|Edition Sixty One|
This stunning Victorian dessert service would be the perfect service to set off the table this Christmas. Imagine the joy in having such a comprehensive set, each piece hand painted with beautiful scenes, which are named on the underside. This large set comprises no fewer than 18 Dessert Plates; 3 Small Footed Comports; 2 Medium Footed Comports and 2 Large Footed Comports.
Each piece of the set is individually painted with very attractive and romantic scenes which include castles, houses, ruins, naturalistic features and even a pier. What also makes this a special service is that each of the pieces has the name of the scene painted by hand on the back, so each is identified.
The scenes painted on this delightful service are exquisitely painted with soft colour tones to create soft and romantic pictures. There are no repeats of any scene, they are all different. Most are of British scenes, including many from Yorkshire, Wales, Scotland, however, one of the large comports has a scene of a view near Athens, Greece.
Each of the plates and comports have a very rich dark pinkie-red border which is a typical Victorian colour popular in the second half of the nineteenth century in English tableware. This border colour gives the set a very gracious and regal appearance and the perfect rich colour for a unique Christmas table setting.
The rim of each piece from the service has a gilt border that comprises a cell type border with gilt dentils. On the inner edge of the rich pinkie-red border is further gilt embellishment of a gilt line and fine gilt dots, this perfectly framing each hand painted scene.
This is a very high quality English Victorian dessert service that would be a fantastic set for the collector of fine English porcelain. An important set too having beautifully hand painted scenes that are individual and each identified on the back of the plates. Spoil yourself this Christmas, or maybe the perfect present?
More details of this item and other tea related antiques can be found by visiting my web site at www.TeaAntiques.com.
During the cold winter months and Christmas period, few stately homes open their door to the public, not the case with Beaulieu. At Beaulieu there is certainly a very warm welcome to visitors during the Christmas period when the house is transformed into a typical country house Victorian Christmas for all to enjoy.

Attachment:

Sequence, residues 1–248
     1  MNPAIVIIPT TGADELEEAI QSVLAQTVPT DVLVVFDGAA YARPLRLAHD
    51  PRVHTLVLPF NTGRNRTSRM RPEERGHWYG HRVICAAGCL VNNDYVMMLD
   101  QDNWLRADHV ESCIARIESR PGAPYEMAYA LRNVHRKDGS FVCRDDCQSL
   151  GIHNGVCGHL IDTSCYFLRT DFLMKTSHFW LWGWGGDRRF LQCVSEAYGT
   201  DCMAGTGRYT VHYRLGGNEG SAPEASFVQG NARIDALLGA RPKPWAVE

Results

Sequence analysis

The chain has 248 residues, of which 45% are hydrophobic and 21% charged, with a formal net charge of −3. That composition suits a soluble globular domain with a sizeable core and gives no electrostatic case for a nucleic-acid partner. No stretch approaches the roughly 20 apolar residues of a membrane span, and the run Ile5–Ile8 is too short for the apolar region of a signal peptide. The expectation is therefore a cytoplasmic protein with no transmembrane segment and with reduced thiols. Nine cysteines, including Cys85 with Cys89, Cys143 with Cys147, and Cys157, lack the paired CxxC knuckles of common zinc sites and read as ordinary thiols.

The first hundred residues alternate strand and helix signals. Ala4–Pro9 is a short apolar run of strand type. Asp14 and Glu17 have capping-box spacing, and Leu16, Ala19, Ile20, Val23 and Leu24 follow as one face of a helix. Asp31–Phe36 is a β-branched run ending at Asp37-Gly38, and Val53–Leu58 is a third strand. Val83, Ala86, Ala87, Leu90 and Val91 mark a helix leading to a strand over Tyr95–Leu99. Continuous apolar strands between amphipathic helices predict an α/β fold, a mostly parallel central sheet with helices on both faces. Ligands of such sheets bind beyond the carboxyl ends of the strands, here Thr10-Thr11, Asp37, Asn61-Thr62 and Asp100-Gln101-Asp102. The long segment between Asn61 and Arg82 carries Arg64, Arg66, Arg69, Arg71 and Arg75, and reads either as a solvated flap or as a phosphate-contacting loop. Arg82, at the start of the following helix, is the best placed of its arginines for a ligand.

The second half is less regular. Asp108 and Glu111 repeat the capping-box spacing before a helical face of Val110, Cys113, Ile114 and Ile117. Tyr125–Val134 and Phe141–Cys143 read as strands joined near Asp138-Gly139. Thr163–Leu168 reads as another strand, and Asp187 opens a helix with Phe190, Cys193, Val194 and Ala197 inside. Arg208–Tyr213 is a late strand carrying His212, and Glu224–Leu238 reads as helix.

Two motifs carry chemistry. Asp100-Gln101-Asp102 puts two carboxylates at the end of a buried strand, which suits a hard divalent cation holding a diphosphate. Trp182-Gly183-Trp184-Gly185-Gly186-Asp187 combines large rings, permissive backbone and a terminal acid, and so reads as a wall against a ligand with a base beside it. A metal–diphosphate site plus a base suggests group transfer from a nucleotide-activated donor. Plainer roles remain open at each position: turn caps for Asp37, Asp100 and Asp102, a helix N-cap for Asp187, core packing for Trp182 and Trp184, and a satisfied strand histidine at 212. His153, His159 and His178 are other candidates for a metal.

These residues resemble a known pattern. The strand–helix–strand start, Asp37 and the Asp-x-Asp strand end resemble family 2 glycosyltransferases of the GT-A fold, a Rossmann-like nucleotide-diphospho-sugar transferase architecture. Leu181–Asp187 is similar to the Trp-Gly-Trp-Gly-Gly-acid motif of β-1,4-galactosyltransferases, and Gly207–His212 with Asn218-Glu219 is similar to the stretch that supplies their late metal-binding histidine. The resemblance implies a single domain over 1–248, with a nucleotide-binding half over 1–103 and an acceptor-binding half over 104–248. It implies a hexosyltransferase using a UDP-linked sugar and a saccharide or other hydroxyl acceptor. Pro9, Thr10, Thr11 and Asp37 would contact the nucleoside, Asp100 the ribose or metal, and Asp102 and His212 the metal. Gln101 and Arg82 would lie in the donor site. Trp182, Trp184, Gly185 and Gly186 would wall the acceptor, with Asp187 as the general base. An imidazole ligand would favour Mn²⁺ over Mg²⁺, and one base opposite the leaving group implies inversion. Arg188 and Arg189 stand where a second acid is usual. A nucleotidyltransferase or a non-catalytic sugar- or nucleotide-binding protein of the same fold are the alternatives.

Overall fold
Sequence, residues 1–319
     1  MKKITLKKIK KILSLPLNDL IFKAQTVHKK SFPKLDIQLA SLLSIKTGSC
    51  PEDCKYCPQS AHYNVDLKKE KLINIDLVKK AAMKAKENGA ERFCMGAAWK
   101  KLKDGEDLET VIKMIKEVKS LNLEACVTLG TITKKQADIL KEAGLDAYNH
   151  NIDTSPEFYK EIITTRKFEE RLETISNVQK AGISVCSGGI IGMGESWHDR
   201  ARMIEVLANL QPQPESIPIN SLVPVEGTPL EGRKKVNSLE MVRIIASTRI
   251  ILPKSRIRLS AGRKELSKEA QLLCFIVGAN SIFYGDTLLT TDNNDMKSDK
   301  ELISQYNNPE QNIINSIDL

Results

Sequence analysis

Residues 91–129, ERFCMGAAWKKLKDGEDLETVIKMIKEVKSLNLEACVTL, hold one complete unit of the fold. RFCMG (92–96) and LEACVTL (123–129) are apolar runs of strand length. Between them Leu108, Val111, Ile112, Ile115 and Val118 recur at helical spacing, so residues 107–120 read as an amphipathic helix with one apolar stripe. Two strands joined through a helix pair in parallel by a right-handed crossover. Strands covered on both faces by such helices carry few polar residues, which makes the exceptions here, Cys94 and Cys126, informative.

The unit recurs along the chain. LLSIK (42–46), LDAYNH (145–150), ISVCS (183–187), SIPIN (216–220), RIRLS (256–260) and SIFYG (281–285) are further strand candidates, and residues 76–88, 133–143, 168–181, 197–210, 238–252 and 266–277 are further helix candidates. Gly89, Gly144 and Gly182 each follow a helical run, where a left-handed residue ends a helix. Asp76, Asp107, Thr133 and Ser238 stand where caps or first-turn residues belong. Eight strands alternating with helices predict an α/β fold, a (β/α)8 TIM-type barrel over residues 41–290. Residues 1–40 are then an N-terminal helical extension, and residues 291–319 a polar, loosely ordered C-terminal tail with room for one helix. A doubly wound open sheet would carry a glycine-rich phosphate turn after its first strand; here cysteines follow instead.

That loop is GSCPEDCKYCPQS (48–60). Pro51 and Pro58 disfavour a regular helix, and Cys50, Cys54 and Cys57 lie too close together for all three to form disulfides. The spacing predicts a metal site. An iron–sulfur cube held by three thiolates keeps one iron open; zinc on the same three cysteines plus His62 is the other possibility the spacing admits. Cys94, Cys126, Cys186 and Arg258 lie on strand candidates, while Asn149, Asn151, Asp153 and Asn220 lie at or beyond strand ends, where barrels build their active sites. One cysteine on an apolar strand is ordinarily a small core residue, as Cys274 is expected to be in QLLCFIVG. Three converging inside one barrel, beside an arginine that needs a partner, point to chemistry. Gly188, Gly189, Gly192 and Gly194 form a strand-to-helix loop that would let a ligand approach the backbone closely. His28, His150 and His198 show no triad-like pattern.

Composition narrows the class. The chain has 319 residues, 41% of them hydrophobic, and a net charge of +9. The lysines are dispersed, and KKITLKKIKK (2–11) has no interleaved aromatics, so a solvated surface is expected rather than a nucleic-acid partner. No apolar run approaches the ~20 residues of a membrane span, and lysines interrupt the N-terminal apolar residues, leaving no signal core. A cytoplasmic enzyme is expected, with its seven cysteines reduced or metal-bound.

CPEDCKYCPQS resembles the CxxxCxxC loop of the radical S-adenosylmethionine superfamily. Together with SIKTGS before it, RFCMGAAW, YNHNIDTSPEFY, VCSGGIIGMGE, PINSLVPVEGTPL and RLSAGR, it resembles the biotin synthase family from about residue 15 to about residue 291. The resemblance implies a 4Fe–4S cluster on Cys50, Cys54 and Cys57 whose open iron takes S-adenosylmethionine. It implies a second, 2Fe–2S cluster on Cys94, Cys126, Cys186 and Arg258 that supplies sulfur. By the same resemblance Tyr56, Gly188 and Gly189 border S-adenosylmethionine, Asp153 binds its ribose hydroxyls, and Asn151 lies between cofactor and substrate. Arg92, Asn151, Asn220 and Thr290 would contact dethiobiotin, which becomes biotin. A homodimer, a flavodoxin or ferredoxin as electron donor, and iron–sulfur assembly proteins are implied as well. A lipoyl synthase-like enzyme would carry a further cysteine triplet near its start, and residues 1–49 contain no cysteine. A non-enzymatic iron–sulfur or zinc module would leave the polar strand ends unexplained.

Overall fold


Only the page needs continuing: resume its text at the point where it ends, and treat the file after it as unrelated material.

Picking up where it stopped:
The Palace of Beaulieu is situated on the opposite side of Beaulieu river to the old village and is on the site of an old ruined monastic Abbey. The original Abbey gate still survives now forming a part of the house itself. Other parts of the Abbey cloisters and buildings also still survive in the grounds of the Palace. The Palace of Beaulieu has been the ancestral home of the Montagu family since 1538 and remains their home to this day.
As well as the Palace house itself, Beaulieu boasts other attractions including the famous National Motor Museum, this housing a vast collection of classic and celebrity cars.
For those who do not fancy the short walk to the house from the entrance ticket office there is an alternative mode of transport in the form of a monorail. This rail system on raised iron tracks whisks the visitor through the grounds to the Palace. During this journey it travels through the Motor Museum high up at roof level, which affords a panoramic glimpse of the treasures to be seen in this museum.
First stop for me on a cold, but fine and sunny December day was to visit the Palace of Beaulieu. This stone built house, with its stone mullioned windows, circular towers with conical roofs and dry grass moat around the house, it reminds me of a French medieval château. It is set in a fine landscape with views to one side of the quaint village of Beaulieu. A Christmas tree stands outside on the drive way to welcome Christmas guests to the Palace.
Entering the house through the black beamed Porch, there is a welcome sight of a Victorian maid, dressed in black, with crisp white apron and cap offering a free glass of steaming warm (non-alcoholic) punch. What a very nice way to greet visitors and it was most welcoming to warm up a bit before enjoying my wander round the Palace.
In the Victorian tradition of decorating the house for Christmas, there was a lot of greenery around the house, on mantle pieces, above paintings and door frames, as well as embellishing the tables, etc.